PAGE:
However, based on that conclusion, there was no liability on Dyer County.

Whereas the Kimble case I think is a close one, the public duty doctrine certainly should not apply in the Lawson case. As I mentioned above, Lawson tripped and fell outside the public high school. This was a public sidewalk. Therefore the provisions of the Tennessee Governmental Tort Liability Act, Tenn. Code. Ann. § 29-20-203 apply. If the government owns or controls the location which caused the injury and the location is defective or unsafe, and the government has constructive or actual notice of the condition, there is liability under the TGTLA. That is certainly the case in Lawson. Although the public duty doctrine survived passage of the tort liability act, with its enactment, the Tennessee General Assembly expressed its clear intent to limit the scope of the doctrine by removing immunity for certain types of claims including specifically the claim in the Lawson case: a claim based on ownership or control of a particular property and the failure to keep it in good condition. Therefore, in the Lawson case, the trial court’s order dismissing the case based on the public duty doctrine was reversed and the matter remanded for further proceedings.

Let’s look at the Kimble case from the perspective of the Lawson case. Where the deputy in Kimble knew of a hazardous condition, and yet didn’t take steps to protect the general public, should there not be liability just as there was in Lawson? Do the arcane provisions of the public duty doctrine justify immunizing the county in Kimble whereas the city in Lawson had to pay damages? Does the difference in conclusion between these two cases make much sense?

Let’s bring another case into this. In Ford v. New Greater Hyde Park Missionary Baptist Church, 2007 Tenn. App. Lexis 761, while a car containing a mother and her four children was parked next to a church in Memphis, the wall of the church adjacent to the car collapsed, crushing the car and killing four of the occupants. One of the children survived. Suit was brought against the city of Memphis and others. Memphis defended in part on the basis of public duty doctrine. This time, the gross or reckless misconduct prong of the special duty exception to the public duty doctrine applied:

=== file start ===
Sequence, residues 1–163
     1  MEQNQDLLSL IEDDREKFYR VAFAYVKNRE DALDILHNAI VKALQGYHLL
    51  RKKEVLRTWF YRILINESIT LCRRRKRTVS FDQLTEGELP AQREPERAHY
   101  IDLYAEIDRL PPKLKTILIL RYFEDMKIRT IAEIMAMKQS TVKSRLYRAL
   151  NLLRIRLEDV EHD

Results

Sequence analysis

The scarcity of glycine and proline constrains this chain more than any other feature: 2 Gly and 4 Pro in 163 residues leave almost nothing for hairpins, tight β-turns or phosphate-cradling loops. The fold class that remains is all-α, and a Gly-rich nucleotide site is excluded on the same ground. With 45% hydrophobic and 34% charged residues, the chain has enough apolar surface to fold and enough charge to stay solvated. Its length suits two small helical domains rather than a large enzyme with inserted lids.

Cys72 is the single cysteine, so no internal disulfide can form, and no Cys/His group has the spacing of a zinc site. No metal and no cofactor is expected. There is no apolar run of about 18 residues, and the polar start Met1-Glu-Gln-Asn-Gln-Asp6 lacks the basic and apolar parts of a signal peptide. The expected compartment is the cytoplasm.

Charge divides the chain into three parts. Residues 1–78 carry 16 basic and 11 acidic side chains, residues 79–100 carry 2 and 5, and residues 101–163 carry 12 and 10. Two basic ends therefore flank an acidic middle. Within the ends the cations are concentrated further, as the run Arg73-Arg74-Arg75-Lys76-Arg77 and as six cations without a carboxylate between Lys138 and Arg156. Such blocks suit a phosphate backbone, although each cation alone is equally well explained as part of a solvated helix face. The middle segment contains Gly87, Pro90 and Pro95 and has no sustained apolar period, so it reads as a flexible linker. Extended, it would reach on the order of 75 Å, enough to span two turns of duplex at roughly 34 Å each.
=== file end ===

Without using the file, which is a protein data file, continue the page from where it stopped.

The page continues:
[The building inspector] reason to believe that the Church was in danger of imminent collapse. Nevertheless, Newson allowed the December 15, 2001 rehabilitation target date to pass without demanding an engineer's report on the structural integrity of the building or issuing a "Do Not Occupy" warning. After the rehabilitation target date passed, another seven months elapsed before the Church collapsed; in that time, the City took no protective action on a building that had been identified as possibly having serious structural problems. These factual allegations are sufficient to permit a finding that the City consciously disregarded a substantial and unjustifiable risk "of such a nature that its disregard constitutes a gross deviation" from the standard of ordinary  care, and would therefore fall within the reckless misconduct prong of the special duty exception to the public duty doctrine. Therefore, to the extent that the Plaintiffs allege conduct by City officials that could be deemed reckless, the City is not immune from liability under the public duty doctrine.